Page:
How The Housing Crisis Widened The Credit Score Gap Facing African-American Borrowers

African-Americans were twice as likely as whites to get hit by the housing bust and its resulting foreclosures, as big banks pushed a disproportionate number of blacks into sub-prime loans at the height of the housing boom. And now, the effects of that disparity are wreaking havoc on black families in a way that will hurt them for decades, as analysts fear that the already wide gap in credit scores for white and black borrowers was likely exacerbated by the crisis.

According to Federal Reserve data, blacks were already less likely to hold a prime credit score. When new Federal Reserve data is released, analysts expect the existing gap to have grown even wider, the Washington Post reports:

The Federal Reserve is collecting data on how the recession has affected credit scores by race, in what is expected to be significant research on the issue. But the widespread belief among economists, consumer advocates and community leaders is that black Americans are falling behind.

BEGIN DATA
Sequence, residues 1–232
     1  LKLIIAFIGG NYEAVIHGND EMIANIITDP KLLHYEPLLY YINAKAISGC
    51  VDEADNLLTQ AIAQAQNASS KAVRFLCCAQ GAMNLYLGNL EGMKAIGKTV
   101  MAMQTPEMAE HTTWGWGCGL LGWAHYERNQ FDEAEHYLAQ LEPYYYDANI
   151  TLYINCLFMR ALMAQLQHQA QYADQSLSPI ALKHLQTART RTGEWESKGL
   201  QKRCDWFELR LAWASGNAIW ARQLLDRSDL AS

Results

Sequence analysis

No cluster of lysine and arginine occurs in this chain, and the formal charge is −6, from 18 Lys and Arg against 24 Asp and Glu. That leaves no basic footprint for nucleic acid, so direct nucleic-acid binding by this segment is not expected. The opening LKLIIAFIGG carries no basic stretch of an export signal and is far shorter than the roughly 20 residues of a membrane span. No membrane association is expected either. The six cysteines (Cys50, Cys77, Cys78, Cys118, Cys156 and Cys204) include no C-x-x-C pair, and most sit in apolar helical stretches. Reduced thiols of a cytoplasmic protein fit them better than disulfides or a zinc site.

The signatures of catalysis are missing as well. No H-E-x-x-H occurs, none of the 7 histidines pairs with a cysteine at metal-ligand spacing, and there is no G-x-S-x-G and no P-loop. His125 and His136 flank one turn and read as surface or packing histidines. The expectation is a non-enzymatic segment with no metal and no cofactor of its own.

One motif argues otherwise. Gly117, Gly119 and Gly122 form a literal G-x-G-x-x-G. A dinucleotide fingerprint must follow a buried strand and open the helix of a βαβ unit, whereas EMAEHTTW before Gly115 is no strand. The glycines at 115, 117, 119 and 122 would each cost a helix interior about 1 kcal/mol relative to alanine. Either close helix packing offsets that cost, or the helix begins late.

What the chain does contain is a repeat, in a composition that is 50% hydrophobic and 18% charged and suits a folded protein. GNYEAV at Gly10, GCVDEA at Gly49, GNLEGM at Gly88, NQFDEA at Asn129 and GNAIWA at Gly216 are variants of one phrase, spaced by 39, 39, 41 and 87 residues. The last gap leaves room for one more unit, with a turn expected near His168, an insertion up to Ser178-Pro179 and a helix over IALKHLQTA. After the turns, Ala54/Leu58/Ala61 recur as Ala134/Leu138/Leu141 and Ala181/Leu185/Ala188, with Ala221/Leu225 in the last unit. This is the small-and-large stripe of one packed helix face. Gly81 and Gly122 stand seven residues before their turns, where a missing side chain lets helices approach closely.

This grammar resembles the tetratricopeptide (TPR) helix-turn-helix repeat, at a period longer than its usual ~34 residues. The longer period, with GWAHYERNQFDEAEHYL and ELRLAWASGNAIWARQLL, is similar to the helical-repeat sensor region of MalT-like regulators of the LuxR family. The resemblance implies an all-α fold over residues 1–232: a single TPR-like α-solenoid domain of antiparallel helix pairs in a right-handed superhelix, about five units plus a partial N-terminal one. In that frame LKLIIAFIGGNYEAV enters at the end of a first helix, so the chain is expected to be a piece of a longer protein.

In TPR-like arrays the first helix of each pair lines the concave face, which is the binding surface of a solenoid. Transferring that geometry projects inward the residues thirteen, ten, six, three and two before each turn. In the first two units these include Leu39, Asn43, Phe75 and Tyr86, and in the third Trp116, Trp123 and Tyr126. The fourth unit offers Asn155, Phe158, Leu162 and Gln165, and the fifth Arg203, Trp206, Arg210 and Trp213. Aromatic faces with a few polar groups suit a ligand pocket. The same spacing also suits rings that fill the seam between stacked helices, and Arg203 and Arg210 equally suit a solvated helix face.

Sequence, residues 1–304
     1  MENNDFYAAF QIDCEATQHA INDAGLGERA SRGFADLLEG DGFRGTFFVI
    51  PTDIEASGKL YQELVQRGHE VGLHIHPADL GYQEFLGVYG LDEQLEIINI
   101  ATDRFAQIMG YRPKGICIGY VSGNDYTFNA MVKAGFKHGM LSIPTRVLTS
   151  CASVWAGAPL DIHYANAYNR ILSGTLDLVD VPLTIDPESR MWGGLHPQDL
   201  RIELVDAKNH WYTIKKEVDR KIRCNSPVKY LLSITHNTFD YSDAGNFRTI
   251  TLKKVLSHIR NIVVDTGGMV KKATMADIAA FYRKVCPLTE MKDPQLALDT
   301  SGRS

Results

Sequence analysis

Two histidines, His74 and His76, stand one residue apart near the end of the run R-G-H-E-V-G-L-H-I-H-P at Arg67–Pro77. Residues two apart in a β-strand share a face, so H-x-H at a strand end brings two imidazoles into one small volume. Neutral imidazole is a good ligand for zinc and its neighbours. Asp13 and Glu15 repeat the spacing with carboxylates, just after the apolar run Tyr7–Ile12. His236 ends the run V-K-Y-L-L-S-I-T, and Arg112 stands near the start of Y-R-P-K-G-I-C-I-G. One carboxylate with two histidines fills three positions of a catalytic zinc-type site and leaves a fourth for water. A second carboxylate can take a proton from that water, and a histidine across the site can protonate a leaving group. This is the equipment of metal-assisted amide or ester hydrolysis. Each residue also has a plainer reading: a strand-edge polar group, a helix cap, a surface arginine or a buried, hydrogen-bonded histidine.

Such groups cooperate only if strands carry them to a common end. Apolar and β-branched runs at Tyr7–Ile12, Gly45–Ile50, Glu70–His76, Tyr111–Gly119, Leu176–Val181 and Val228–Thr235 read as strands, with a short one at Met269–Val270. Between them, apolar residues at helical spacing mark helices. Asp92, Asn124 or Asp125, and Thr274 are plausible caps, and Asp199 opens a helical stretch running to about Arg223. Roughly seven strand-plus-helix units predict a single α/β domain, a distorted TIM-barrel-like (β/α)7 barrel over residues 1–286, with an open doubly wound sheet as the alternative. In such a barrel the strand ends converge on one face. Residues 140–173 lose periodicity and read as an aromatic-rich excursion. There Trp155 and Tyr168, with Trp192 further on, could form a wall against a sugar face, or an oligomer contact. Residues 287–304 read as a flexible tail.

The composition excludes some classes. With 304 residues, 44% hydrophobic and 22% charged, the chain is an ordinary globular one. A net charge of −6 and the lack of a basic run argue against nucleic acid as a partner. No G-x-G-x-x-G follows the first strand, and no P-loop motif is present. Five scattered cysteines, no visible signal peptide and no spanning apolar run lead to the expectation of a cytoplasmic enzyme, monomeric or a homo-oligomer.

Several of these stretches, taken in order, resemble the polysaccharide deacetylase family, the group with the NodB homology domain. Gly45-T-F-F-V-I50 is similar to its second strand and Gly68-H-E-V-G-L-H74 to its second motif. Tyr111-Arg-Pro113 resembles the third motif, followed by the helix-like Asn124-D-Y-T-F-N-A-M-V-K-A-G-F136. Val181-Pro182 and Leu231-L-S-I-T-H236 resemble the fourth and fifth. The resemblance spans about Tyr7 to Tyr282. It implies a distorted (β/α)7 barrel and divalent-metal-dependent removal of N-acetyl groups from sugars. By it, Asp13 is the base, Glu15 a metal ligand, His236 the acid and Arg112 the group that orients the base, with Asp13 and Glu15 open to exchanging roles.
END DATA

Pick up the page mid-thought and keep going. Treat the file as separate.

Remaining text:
And for black Americans, that means they are starting at a disadvantage. Even near the height of the country’s economic boom, blacks had lower credit scores than whites. Data collected by the Federal Reserve from 2003 — in the most comprehensive study on race and credit scoring to date — showed that less than a quarter of blacks had prime credit scores. Meanwhile, about 65 percent of whites were in this top tier.

The housing crisis, in effect, created a vicious cycle for black borrowers: because they were already more likely to have poor credit scores, they were thus more likely to take out sub-prime loans. Those loans were more likely to go bad, and the resulting foreclosures pushed credit scores even lower. But many blacks were also pushed into bad loans even when they qualified for prime loans, a form of discriminatory lending that has now decimated credit scores for previously-qualified black borrowers.


It isn’t just the housing crisis damaging credit scores; unemployment is too. “Research by VantageScore,” the Post notes, “found that the two biggest contributors to consumers’ deteriorating credit were the fall of home prices and unemployment.” And while the national unemployment rate is currently 8.2 percent, that would represent a historical low for black workers, for whom the unemployment rate (currently at 14.4 percent) has rarely dipped below 10 percent in the last half-century.